Deadly Premonition 2 gleefully expands the world of a cult classic, but it has major shortcomings.
Back in the Eighties if you made a gloriously bad B-movie, it’d likely be largely forgotten after a brief period in the bargain section of Blockbuster video. The age of the internet has changed all of that, however: it’s made ironic stars out of the likes of Tommy Wiseau, and allowed classic schlock like Rambo knock-off Deadly Prey receive kickstarted sequels filmed with modern technology.
The same sort of phenomenon can be glimpsed in games here and there, and that’s how we get to Deadly Premonition 2. The first game was objectively a pretty bad experience however you approached it, but it was also a game that one couldn’t help but appreciate. Sure, it controlled poorly, had bizarre direction and had rough visuals even for the time and hardware, but what it lacked more or less everywhere else it made up for in charm.
You see, Deadly Premonition is the creation of Japanese designer Hidetaka Suehiro, also known as Swery. Swery is probably best described as a dollar store Hideo Kojima; he’s ambitious, with a deep love of cinema and a clearly in-depth knowledge of game design and mechanics. This is a man who has studied games, and builds his own design around conclusions from said studies. But he also makes games with next to no money.
This is proven in much of his catalog, like the PlayStation 2 game Spy Fiction, a stealth game that owes as much to Metal Gear Solid as it does to cinematic espionage. Deadly Premonition is the premiere example, however. Its narrative is essentially a spin on Twin Peaks, while the video game side of things is an low-budget open-ended Grand Theft Auto open world mixed with Resident Evil 4 style horror creature blasting and a surprising amount of detail within the world.
Deadly Premonition ended up a cult hit, but it earned that status. It’s a strange-yet-wonderful experience carried on charm. The strangeness makes you laugh, but Deadly Premonition is also full of surprisingly intricate level of detail and endearing, memorable characters you’ll likely end up caring about more than the casts of some of its meticulously animated, performance-captured triple-A rivals.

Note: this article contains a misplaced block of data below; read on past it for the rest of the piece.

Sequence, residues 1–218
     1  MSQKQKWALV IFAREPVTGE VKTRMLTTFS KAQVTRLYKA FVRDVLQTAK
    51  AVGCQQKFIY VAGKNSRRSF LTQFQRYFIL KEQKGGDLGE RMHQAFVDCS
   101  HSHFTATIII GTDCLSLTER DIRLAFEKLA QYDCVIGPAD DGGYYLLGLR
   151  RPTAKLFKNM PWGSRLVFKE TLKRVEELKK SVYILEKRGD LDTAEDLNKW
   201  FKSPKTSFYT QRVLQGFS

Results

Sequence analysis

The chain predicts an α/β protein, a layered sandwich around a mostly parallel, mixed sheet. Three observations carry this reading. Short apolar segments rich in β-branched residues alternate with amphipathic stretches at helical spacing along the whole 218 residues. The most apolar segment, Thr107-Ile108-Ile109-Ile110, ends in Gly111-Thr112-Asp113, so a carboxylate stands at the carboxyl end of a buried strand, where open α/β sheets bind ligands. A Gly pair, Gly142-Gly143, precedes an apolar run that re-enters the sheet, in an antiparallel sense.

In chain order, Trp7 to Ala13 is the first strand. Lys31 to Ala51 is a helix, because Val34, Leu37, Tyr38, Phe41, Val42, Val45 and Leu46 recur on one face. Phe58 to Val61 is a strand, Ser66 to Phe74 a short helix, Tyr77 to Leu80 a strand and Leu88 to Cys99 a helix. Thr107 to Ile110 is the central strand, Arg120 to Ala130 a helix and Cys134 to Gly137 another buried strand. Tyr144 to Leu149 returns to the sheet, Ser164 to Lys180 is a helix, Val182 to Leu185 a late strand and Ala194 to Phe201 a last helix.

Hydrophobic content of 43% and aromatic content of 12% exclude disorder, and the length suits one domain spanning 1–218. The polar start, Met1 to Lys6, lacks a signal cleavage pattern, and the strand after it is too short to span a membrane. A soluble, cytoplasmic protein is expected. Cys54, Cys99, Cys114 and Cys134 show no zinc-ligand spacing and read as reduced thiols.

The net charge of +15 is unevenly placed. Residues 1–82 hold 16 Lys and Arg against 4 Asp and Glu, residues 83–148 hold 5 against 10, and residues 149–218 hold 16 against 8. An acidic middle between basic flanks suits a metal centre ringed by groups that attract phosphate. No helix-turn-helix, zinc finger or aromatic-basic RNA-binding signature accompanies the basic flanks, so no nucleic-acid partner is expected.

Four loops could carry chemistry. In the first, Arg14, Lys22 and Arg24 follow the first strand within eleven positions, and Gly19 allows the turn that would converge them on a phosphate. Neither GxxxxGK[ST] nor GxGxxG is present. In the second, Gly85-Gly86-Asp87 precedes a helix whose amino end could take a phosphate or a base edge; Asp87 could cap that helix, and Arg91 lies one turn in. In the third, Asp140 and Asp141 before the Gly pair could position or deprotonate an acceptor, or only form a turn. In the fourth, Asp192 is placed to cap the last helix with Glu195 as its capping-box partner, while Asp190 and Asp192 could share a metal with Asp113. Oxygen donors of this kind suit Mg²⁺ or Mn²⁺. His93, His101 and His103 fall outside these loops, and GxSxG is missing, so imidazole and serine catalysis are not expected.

I hate kicking off impressions of a new game with a history lesson, but it’s vitally important to understand what made Deadly Premonition special before talking about the sequel.
The risk with any sequel to a so-bad-it’s-good guilty pleasure is the creator becoming too self-aware. This has been seen a lot with those crowd-sourced sequels to eighties B-movies; there’s a big difference between something bad that was made earnestly and something deliberately made to exude a slightly-rubbish energy.
In many ways Deadly Premonition 2 is successful, an ideal continuation of the original game. That Swery weirdness is clearly still intact, and it feels like a natural evolution of the ideas of the first game structurally. You can also see strands of some of Swery’s games in the interim such as D4 and The Missing. Crucially, I can’t quite tell if Swery is truly in on ‘the joke’ of what made Deadly Premonition so good in the first place – which means this isn’t tainted by him playing up to and leaning into those things heavily for a laugh.
I was pleasantly surprised to see that while the game’s Deep South setting is largely showcased in sweeping generalizations and well-trodden cliche, the Twin Peaks style surrealism is also coupled with a desire to also look at the real. One of the first major characters you meet is a cop who knows just how tenuous his position of authority is as a black man in a southern town.
It’s also a curious way to continue from the definitive ending of its predecessor. Part prequel, part sequel and with duel storylines, Deadly Premonition 2 is a typically ambitious idea from Swery, who attacks the idea with gusto. This is Swery’s Godfather Part 2. It’s as brilliant and as tackily naff as that description suggests.
Except there comes a time then where you actually have to play the game – and in many places, it’s honestly a disgrace. Step out onto the streets of the city of Le Carré and you’ll be assaulted with a frame rate that slides into the twenties and even the tens. Sometimes the game just hitches up, seemingly at random. Hop on your skateboard to get around more quickly and matters just become worse.
This sort of performance isn’t across the board, but it’s frequent. Enter a building for a story sequence and you’ll often find little puzzles and smatterings of combat that are superior to the first game – but every journey between these missions is a miserable slog across a slideshow of an open world that doesn’t even justify its performance through being bustling – like the first game, it’s more or less a wasteland.
It’s not often a game’s frame rate is so poor that I actually exclaim a disbelieving “fuckin’ hell” out loud, but Deadly Premonition 2 managed it.
Given Deadly Premonition’s status as a slightly-crap cult classic with a lot of charm, one has to wonder about this. Did the developer and publisher simply think they could get away with this performance because people expected the game to be no masterpiece? This isn’t just bad in a way the first game was – it’s vastly inferior, and often borders on actively unplayable.
What the hell happened? No matter how charming the core, a game that runs in this way is impossible to recommend – and had the original Deadly Premonition been this way, it never would’ve become a cult classic in the first place. There is no excuse for a game running like this, and there is no reason to recommend it to anyone because of that. Hopefully a patch, or ports to other platforms, might make giving Swery’s latest story another chance to charm – as it is, it isn’t worth your time.